The Ballistic Research Laboratory went on to establish standard projectiles with different shapes that more closely match those of modern projectiles. There is a G5 ballistic coefficient that compares your bullet's drag to that of a boattailed radial ogive bullet shape. There is a G7 B.C. that does it for a secant ogive VLD shape. There are B.C.s for straight cylinders and for round balls, too. In each case, the purpose is to have a projectile to scale drag to whose shape matches the drag function of your particular bullet closely enough that just one B.C. works for all velocities in doing the comparison.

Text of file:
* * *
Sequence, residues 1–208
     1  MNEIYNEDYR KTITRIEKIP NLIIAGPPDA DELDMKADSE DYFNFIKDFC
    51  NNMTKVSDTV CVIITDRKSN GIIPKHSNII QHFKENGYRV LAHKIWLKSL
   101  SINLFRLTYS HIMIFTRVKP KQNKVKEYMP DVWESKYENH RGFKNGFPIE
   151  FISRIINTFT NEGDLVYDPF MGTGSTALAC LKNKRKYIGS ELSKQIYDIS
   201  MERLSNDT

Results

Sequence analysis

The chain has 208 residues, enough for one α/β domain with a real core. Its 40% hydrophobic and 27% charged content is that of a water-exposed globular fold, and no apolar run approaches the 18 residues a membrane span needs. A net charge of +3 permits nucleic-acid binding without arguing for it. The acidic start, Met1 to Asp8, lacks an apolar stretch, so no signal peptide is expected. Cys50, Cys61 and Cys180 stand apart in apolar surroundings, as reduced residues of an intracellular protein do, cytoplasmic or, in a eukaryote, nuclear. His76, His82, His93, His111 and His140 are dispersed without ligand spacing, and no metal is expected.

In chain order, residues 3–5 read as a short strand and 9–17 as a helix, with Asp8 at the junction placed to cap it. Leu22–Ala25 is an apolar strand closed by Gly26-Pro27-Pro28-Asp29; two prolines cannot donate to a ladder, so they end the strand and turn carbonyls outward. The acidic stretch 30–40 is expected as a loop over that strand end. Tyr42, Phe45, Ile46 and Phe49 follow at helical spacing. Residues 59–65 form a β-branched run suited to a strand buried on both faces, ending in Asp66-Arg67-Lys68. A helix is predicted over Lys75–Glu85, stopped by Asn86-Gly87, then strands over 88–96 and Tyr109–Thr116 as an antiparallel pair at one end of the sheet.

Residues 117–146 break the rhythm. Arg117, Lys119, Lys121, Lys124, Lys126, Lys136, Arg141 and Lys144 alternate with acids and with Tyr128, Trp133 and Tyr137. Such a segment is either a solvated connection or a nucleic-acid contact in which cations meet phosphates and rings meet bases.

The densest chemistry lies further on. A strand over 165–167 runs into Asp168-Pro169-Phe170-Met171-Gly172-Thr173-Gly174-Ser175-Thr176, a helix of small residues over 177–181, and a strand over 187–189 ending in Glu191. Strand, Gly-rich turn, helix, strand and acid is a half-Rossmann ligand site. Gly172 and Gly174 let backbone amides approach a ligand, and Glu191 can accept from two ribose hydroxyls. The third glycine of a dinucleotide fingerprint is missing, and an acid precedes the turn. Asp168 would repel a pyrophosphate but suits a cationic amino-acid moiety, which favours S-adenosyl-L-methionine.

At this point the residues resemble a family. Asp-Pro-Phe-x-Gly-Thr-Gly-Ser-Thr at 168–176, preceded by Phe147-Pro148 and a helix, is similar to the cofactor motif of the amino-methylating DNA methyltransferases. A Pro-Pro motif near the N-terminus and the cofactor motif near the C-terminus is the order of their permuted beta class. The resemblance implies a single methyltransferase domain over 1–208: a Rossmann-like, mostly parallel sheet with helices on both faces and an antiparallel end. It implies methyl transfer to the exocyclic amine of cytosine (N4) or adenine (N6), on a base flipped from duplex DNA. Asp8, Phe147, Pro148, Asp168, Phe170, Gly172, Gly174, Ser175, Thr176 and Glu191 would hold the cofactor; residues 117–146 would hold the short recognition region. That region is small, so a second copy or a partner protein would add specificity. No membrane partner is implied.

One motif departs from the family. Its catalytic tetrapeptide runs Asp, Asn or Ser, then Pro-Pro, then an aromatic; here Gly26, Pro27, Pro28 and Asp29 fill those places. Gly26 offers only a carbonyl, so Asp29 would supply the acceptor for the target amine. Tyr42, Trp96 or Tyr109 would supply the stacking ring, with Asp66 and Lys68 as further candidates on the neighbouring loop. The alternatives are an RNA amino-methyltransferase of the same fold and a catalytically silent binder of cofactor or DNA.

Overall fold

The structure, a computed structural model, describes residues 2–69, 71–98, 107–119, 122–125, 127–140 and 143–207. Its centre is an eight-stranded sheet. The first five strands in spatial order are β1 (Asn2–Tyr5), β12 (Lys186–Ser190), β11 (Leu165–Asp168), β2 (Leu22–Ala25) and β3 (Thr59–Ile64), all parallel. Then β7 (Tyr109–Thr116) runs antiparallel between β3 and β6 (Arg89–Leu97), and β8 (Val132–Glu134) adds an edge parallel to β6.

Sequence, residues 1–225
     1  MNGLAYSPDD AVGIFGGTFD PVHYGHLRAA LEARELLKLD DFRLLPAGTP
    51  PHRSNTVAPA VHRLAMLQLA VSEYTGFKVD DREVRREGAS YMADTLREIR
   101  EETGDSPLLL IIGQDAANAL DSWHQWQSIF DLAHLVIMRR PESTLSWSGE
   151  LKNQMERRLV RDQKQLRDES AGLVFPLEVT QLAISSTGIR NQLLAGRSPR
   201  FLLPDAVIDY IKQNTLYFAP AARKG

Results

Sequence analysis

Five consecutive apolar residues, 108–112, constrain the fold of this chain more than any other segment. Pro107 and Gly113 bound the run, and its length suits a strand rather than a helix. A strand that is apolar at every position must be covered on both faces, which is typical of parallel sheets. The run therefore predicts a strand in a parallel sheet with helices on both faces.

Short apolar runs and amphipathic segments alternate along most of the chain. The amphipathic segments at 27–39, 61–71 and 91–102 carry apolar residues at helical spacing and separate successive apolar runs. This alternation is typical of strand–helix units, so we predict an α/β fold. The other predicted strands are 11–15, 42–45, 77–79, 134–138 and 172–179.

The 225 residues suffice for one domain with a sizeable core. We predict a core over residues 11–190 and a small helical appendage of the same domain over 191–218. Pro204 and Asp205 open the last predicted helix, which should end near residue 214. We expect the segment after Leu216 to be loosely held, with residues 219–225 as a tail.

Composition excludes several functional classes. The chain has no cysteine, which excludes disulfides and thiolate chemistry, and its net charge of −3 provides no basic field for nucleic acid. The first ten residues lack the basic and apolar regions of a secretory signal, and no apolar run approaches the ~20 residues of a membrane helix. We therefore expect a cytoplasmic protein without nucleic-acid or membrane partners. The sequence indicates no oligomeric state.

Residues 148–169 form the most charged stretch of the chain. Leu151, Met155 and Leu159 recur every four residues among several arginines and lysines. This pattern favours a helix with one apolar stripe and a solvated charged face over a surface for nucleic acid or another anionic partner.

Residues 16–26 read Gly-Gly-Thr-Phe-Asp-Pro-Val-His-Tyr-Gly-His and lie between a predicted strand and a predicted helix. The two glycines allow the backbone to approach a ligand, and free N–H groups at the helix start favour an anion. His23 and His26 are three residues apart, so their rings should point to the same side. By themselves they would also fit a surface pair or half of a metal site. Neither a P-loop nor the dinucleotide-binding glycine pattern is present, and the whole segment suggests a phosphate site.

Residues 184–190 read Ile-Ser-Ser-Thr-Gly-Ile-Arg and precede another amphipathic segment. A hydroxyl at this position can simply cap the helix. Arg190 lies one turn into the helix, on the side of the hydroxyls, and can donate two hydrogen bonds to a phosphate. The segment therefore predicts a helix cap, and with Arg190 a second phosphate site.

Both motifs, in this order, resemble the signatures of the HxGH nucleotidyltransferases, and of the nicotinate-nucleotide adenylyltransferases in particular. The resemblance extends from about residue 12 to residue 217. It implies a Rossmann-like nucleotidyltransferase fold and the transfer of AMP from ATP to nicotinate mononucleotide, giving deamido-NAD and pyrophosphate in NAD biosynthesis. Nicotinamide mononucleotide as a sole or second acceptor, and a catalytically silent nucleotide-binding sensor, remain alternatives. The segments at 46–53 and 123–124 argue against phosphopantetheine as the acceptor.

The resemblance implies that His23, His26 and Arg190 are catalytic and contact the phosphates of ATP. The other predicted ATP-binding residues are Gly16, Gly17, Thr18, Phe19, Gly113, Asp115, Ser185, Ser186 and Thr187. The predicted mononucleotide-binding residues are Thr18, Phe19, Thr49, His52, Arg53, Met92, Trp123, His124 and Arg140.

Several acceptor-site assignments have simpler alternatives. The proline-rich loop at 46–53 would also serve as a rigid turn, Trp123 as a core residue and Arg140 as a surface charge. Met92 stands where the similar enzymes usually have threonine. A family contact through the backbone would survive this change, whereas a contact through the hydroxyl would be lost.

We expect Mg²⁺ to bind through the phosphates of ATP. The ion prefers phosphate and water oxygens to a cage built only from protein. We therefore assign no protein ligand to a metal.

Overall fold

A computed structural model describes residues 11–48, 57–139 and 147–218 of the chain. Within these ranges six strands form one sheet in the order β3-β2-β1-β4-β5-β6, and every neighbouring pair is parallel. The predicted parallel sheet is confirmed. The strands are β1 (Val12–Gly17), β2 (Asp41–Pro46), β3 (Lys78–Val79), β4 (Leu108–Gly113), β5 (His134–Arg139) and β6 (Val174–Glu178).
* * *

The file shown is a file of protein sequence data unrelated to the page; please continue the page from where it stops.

Unfortunately, while an increasing number of programs will handle the different types of B.C.'s, bullet manufacturers are not publishing them because their not crosscompatible and don't rank bullet performance across the different standards. That is, a match bullet might have a G1 B.C. of 0.50, but a G7 B.C. of 0.32, because the G7 standard projectile is more aerodynamic than the old G1 standard projectile and doesn't loose velocity as quickly. But a shooter who sees a hunting bullet that has a G1 B.C. published of 0.35 will look at the G7 B.C. for the match bullet of 0.32 and think it doesn't fly as well as the hunting bullet, when it would actually fly about half again better in terms of drag. The manufacturers publish just one old G1 standard so bullet aerodynamics will be ranked by their published B.C.'s. Bigger is better.